Inside the Active Adult Strategies of Senior Living Providers Allegro, Vitality – Senior Housing News

Active adult senior housing continues to generate intense interest from investors and builders across the greater real estate industry.

Newcomers to the space include multifamily developers and operators, but a growing number of senior housing developers and operators are gravitating toward active adult as well — including Allegro Senior Living and Vitality Living.

These companies are finding success with new developments, and believe that their expertise in higher-acuity senior living give them some advantages, leaders with the Allegro and Vitality said during Senior Housing News’ recent Active Adult Virtual Summit.

These players are emboldened by the tenant profile, primarily seniors in their 70s, many of whom are still working but wish to embrace a maintenance-free lifestyle, said Jamie Lemon, vice president of operations at Allegro Senior Living.

The St. Louis-based provider has a portfolio of 12 senior housing communities — half of which are active adult properties. Five of the six operate under the Avidor brand, including Avidor Evanston in Evanston, Illinois, the winner in the “Best Active Adult Design” category in the 2020 SHN Architecture & Design Awards.

“We felt it was a great option for people that are younger, looking at independent living and feel like they’re not ready [for higher need product] yet,” he said.

A new care continuum addition

In many ways, active adult communities are taking over the role assumed by independent living in the care continuum 20 years ago.

Typical active adult consumers’ age ranges from the mid-70s to early 80s, but they are relatively healthier than people of identical age in prior generations. Many boomers turning 75 today have gone to college, traveled, and lived in other communal settings such as dormitories or apartment buildings.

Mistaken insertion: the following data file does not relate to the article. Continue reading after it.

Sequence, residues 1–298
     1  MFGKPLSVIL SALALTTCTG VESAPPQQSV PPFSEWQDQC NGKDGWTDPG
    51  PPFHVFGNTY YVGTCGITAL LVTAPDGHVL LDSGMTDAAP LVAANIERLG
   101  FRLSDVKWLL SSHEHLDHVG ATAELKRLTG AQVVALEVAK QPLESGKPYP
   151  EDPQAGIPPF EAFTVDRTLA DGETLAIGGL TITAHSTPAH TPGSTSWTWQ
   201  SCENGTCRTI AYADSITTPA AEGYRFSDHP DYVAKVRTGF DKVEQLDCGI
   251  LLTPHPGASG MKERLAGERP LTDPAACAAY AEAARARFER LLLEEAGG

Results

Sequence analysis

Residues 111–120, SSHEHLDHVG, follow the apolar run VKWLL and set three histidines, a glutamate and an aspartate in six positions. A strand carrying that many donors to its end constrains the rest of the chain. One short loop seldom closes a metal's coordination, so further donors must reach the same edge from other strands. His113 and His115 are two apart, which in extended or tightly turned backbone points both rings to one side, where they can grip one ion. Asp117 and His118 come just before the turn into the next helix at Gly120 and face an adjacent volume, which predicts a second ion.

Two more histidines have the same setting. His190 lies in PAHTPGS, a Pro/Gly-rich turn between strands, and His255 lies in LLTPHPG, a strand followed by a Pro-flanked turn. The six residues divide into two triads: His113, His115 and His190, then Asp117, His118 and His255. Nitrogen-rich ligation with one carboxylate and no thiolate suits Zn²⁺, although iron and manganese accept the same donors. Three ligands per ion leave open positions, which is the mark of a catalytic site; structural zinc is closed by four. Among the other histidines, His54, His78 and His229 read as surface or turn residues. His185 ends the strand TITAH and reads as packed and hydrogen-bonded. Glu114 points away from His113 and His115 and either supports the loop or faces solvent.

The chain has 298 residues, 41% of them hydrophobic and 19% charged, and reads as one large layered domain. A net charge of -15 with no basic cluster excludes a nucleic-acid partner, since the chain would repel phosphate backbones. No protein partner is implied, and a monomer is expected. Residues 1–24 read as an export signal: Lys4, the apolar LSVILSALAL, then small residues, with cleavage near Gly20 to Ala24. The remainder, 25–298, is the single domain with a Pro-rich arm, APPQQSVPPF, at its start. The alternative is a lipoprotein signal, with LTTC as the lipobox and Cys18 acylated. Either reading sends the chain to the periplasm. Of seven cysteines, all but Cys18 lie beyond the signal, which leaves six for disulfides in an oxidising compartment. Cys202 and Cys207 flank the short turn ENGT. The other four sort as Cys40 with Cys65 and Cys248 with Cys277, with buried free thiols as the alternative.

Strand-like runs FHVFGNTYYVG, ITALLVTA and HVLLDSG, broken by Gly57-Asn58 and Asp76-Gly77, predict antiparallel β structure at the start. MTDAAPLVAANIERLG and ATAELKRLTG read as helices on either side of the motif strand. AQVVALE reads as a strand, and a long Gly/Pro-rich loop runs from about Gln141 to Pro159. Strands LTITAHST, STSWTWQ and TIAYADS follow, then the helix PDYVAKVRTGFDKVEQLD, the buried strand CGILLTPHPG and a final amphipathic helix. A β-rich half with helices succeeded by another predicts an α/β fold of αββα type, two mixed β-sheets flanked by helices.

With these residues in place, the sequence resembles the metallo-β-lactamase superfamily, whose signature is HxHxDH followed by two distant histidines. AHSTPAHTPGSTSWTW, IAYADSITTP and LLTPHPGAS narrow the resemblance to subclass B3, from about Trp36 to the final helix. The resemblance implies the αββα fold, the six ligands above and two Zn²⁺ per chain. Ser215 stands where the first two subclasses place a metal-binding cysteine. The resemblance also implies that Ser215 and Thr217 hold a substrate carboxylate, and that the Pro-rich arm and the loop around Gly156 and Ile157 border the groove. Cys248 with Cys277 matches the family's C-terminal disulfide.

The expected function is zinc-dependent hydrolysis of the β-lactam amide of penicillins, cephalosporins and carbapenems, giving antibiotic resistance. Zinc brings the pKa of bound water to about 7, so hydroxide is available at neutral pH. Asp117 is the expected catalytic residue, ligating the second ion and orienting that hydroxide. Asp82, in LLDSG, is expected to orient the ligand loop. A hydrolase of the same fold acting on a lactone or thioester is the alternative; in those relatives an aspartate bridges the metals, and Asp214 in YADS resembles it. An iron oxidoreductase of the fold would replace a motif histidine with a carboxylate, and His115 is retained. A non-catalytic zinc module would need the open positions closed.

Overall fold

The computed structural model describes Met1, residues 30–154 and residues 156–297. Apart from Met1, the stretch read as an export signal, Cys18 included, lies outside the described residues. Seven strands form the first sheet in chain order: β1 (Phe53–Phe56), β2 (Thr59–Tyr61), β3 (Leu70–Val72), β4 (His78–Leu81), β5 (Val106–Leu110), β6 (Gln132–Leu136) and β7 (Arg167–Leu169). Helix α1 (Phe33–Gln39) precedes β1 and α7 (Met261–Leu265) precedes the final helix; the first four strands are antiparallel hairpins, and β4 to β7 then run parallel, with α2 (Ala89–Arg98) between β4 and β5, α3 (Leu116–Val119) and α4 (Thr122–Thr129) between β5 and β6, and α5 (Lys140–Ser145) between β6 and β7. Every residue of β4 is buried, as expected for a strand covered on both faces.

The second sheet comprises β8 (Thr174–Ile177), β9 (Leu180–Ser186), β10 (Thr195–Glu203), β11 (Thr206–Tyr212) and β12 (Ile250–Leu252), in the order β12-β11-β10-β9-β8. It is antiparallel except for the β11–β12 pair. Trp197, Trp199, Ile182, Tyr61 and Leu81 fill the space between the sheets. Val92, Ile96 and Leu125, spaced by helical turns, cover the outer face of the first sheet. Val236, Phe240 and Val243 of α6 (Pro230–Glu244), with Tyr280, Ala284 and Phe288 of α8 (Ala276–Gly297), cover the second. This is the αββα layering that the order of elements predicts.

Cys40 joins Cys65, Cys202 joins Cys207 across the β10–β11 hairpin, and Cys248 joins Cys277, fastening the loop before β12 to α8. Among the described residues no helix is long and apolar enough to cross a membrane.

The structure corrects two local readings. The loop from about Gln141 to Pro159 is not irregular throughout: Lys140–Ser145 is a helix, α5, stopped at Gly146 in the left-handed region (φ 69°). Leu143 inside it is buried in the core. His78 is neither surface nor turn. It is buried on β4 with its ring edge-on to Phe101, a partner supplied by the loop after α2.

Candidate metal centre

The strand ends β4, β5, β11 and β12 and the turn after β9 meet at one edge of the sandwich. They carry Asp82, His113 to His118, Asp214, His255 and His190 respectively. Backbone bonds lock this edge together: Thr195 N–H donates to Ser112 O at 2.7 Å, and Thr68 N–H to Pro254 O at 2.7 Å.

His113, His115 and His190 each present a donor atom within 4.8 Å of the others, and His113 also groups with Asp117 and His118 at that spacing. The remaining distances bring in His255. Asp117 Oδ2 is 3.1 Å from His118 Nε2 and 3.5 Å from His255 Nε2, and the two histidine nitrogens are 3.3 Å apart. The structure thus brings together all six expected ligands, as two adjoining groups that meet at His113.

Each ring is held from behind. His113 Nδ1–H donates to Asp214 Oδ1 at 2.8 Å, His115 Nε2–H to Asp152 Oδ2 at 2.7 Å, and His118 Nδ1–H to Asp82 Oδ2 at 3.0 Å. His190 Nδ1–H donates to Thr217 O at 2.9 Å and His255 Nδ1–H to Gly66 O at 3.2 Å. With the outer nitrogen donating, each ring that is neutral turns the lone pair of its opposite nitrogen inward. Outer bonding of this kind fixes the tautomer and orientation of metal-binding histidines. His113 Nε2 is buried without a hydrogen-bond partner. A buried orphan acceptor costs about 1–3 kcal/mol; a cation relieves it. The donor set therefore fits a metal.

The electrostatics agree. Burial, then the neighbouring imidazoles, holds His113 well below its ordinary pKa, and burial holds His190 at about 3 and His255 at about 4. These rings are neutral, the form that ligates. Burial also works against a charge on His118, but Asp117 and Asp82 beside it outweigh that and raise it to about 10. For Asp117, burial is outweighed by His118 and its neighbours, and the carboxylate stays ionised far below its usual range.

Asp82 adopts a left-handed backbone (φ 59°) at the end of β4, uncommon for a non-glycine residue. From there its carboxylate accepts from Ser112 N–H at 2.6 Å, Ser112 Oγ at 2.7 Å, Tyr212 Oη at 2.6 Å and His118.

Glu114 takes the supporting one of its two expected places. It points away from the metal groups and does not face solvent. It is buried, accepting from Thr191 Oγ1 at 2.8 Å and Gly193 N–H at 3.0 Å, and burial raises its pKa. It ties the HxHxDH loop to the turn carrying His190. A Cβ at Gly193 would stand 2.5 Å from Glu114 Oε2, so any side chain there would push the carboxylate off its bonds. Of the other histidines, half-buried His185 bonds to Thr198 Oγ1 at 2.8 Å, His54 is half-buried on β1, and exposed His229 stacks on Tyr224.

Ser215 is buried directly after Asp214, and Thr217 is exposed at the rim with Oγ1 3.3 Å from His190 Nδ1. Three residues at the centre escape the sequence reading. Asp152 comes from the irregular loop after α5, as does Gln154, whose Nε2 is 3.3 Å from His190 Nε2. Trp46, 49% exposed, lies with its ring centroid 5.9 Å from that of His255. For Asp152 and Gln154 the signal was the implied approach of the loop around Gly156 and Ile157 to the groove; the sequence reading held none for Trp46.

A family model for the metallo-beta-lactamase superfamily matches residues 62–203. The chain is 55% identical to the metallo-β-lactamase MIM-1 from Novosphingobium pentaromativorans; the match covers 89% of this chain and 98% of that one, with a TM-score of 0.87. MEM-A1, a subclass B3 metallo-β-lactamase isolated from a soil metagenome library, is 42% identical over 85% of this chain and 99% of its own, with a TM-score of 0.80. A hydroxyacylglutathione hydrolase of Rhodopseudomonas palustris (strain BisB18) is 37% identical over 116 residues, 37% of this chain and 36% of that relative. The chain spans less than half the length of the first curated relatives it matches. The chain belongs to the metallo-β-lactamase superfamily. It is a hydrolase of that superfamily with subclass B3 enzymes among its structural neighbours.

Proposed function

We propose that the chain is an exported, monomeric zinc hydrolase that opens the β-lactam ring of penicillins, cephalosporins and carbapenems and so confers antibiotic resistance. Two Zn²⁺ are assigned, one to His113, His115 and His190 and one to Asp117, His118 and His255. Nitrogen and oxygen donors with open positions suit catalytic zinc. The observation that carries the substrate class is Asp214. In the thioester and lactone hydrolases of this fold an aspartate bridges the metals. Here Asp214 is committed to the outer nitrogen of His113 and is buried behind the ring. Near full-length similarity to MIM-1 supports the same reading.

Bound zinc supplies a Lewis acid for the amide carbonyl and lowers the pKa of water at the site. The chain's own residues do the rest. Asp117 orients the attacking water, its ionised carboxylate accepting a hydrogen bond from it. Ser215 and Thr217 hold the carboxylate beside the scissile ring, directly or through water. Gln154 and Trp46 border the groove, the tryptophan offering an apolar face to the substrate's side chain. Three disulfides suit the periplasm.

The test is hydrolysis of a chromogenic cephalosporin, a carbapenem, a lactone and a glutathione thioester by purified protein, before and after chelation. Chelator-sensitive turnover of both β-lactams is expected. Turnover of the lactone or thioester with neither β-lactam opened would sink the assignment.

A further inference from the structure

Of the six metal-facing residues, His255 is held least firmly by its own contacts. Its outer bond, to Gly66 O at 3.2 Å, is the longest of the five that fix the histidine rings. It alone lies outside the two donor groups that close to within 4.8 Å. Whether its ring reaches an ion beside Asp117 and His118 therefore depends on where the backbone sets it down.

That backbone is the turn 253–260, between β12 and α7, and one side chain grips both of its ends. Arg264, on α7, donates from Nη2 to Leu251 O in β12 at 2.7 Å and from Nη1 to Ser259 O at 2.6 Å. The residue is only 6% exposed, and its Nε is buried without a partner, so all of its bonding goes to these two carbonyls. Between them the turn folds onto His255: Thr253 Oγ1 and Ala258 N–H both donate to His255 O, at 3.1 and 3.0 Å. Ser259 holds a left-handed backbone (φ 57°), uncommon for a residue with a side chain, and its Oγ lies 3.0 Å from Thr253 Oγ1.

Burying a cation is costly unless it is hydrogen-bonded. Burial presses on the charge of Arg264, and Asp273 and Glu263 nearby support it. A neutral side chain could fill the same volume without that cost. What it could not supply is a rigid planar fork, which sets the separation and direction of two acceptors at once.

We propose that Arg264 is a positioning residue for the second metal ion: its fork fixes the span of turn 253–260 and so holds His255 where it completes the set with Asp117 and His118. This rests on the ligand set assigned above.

That experience, coupled with demanding tastes, will help inform the layout and scale of future active adult communities, intended to encourage socialization and engagement between residents.

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Allegro was approached by real estate developer High Street Residential about entering the active adult space in 2018. Allegro has experienced the acuity creep within independent living in recent years, and believed that Avidor would complement its existing communities.

“We tend to offer a higher-priced product, and we felt it fits in great with our portfolio,” he said.

Active adult development has been in Vitality’s plans since the company’s founding four years ago. The Brentwood, Tennessee-based company owns and operates a portfolio of 28 communities across the southeast, and is a recent entrant to the active adult space with three communities in Georgia, Louisiana, and Mississippi.